Performance-Based Pay

It’s becoming a widely accepted belief that America’s education system is in decline (at least when compared to emerging superpowers like China and India), yet finding a solution to these problems has been a contentious and ever-evolving debate. A central theme in the recent discussion is whether teachers should be subject to performance-based pay, and, if so, how that performance should be measured.

The idea of performance-based pay brings up many difficult questions, but the most fundamental one is this: Should teachers be held financially accountable for student achievement on a test they have no control over? Standardized testing is already a thorn in the sides of most educators, and tying teacher pay to student grades on these tests seems like a bad idea. In theory, holding teachers accountable for the students they already instruct and care about seems logical, but in practice the situation could dissolve into a numbers game.

Will kids learn anything useful if they’re forced to work harder than ever on passing state-mandated tests? How many students must pass for a teacher to get paid? What about teacher benefits? Should kids be treated as commodities from which teachers make a commission? These are only a few of the concerns that arise when talking about performance-based pay, and most of the issues have no clear remedy.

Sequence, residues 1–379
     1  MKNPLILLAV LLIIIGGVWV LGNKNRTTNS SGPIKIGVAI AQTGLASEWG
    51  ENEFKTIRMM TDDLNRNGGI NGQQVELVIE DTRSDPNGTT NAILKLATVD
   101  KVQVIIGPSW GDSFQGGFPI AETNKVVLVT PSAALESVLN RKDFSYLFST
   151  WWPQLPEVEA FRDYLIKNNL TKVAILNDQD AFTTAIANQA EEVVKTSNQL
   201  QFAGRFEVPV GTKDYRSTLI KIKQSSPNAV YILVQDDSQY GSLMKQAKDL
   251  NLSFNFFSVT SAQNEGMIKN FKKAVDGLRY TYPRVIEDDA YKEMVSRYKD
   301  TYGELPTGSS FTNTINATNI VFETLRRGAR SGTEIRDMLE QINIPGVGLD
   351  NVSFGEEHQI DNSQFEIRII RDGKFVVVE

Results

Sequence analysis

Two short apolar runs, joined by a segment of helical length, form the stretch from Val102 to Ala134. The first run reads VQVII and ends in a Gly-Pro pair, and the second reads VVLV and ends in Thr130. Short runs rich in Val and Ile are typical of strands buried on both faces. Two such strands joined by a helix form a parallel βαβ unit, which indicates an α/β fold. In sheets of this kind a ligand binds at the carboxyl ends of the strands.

The heated discussion about teacher pay has also reflected back on the current state of teacher salaries. A recent posting by the current Secretary of Education, Arne Duncan, offers a solid defense against a new study, saying teachers are overpaid by more than 50 percent.

Proponents of this merit-based system believe the quality of education will improve if there is a clear monetary incentive for instructors. However, it’s my view that forcing teachers towards an arbitrary test score goal will only lead to a dumbing-down of classroom instruction, loss of creativity and even cheating by worried educators.

What do you think of performance-based pay? Let us know below.

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